In the Home Stretch: Poem 25 Immigrant Pictures

I wrote a poem with this title a few years ago, and it qualifies for the “Failed Poem” series I started here.  So here it is:

 
Immigrant Pictures

Watch the grainy films of ships
slide across the harbor, the screen.
The clichéd masses huddle to see
the Statue, New York. They come
on massive ships, all metal and steam.
I wonder if you’re ancestors are there—
See! Maybe the fifth or sixth from the left.
I am jealous because there are none for me.
No films of ships except of cows
swimming heavy and laborious for the shore,
and strange grainy photographs
of the Japanese quarantined in Paradise.

Maybe I’m looking in the wrong places.
Maybe no one cared. Maybe this is right
and they are only heroes in the dark,
coming home for the first time, uncertain
that this was better than what they left,
still entertaining thoughts of going home,
of houses with tile roofs and great wooden beams.

 

Today’s draft is a completely new one.  It’s not a rewrite, but more like a re-imagining of the poem.  Maya gives the poem better perspective than me or Becky.  The original was thought up while watching “The Jewish Americans” on WGBH.  There seems to be so much archival footage of people coming into Ellis Island, but outside of a few photos, I haven’t seen much film of immigrants coming into Hawaii.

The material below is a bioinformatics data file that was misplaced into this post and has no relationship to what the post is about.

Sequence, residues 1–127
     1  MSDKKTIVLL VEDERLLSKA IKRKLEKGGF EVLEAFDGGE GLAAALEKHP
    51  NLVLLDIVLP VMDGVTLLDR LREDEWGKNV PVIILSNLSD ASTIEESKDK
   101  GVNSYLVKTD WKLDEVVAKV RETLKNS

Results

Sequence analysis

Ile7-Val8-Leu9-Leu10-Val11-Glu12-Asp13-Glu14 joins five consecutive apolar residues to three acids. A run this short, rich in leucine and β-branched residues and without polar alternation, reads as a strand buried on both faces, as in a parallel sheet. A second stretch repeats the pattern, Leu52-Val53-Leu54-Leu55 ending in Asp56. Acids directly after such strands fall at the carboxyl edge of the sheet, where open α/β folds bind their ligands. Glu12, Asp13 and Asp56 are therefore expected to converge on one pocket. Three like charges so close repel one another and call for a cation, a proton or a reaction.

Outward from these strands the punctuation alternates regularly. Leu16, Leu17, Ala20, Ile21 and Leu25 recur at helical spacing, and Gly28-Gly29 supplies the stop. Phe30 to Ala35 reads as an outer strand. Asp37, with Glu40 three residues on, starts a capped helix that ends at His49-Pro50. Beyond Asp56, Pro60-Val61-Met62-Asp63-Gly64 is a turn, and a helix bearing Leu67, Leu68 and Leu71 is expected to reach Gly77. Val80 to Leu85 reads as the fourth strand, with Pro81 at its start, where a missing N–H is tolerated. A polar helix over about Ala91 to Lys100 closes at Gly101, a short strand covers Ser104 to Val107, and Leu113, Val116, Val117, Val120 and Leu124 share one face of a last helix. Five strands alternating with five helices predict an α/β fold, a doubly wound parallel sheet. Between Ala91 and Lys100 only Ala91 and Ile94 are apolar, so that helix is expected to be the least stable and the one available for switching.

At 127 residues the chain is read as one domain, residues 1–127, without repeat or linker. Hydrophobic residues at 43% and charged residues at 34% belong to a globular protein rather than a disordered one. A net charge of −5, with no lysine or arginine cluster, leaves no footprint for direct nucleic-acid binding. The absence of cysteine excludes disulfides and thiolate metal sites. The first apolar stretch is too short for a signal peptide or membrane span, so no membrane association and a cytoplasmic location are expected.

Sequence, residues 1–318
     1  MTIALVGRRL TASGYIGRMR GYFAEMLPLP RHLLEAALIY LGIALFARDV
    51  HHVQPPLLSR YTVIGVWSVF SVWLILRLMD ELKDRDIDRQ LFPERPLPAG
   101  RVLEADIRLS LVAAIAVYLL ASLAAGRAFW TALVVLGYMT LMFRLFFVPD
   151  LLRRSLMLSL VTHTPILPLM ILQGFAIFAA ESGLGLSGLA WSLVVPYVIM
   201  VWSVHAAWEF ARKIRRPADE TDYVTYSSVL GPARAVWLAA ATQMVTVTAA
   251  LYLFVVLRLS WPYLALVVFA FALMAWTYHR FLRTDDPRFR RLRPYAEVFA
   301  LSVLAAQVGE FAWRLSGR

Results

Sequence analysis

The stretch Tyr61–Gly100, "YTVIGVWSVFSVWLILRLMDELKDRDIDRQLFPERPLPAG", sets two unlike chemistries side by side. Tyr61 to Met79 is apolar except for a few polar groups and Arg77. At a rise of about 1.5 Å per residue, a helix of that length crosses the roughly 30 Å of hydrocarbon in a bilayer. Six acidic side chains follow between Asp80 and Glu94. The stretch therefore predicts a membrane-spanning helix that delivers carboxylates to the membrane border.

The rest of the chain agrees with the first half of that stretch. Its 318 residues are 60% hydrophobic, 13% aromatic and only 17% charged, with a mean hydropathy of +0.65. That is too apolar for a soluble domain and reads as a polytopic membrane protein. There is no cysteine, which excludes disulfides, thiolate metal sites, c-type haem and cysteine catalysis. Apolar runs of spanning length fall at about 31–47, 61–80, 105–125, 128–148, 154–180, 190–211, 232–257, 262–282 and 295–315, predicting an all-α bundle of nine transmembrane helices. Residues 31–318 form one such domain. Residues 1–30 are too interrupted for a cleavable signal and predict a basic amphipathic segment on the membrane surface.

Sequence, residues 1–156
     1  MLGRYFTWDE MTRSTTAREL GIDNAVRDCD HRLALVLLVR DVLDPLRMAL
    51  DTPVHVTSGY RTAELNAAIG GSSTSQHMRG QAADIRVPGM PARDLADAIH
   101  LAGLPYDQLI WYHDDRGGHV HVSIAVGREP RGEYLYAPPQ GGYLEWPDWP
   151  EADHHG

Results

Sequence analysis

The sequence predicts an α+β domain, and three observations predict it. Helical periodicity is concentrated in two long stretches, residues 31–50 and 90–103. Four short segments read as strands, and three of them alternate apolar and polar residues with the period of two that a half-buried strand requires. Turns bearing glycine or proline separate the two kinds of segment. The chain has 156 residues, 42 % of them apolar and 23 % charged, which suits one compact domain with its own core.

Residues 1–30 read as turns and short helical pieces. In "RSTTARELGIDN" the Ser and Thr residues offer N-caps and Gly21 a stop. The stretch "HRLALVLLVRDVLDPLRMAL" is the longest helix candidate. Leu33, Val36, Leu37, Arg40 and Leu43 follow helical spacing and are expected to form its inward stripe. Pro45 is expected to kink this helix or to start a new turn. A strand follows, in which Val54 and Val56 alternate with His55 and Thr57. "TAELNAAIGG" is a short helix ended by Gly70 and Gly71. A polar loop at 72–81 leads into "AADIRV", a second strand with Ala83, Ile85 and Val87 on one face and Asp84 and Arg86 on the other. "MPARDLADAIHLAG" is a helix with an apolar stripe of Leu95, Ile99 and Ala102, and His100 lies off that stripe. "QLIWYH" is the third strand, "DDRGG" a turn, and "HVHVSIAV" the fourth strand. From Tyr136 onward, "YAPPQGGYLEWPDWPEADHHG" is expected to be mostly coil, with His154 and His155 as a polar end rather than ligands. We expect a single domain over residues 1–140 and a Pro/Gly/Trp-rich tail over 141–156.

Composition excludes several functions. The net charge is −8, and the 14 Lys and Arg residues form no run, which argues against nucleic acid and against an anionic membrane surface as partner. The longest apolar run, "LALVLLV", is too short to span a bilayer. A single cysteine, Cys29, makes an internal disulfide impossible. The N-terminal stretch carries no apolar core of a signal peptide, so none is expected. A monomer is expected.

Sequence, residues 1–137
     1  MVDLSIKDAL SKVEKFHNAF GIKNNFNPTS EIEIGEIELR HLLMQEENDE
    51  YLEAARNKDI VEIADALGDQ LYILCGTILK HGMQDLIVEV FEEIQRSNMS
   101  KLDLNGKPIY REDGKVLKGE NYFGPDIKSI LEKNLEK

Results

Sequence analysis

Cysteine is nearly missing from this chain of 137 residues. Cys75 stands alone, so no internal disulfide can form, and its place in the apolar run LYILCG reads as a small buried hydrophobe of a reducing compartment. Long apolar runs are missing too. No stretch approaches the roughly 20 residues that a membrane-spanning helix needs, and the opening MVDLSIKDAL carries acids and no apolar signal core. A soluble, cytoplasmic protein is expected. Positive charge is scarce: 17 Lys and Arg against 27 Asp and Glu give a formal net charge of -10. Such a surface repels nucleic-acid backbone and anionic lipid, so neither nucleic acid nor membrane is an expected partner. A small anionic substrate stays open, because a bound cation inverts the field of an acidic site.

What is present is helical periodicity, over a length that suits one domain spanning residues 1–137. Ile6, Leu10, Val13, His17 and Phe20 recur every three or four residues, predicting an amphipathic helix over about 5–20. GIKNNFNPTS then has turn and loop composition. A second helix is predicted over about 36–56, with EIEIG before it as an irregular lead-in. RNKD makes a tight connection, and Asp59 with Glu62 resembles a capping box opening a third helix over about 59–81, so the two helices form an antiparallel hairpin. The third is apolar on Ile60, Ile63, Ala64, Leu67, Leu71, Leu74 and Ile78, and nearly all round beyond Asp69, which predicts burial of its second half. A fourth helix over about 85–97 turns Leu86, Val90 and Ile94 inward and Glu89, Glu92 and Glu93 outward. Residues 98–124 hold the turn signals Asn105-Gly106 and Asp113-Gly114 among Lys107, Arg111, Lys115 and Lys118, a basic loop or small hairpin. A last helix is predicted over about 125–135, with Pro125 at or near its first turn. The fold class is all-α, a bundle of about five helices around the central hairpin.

As I look at my children, you can see both the Japanese and Jewish sides, but you have to see them from certain angles to see both.  Becky says it’s sometimes weird to see her husband and her brother from one instant to another when looking at Sam.  The other day, when I was looking at the pictures of my great-grandfather with my grandfather who was a little boy then, Becky noticed the similarities in the four generations before Maya and Sam (my Dad’s face is similarly structured to his grandfather and less like his father).  I resemble my father stronger when I was a boy, and Sam has some of that too although if he turns his head you’ll see none of it.  Maya looks a lot like her grandmother and has a similar structure to her great- and great-great-grandmother on my mother’s side.  I’ve been trying to collect stories about the family for the family tree project.  It’s all very interesting to see, pictures of Japanese and Jews from the late 19th/early 20th Centuries and see how they survive in the faces of two small children.

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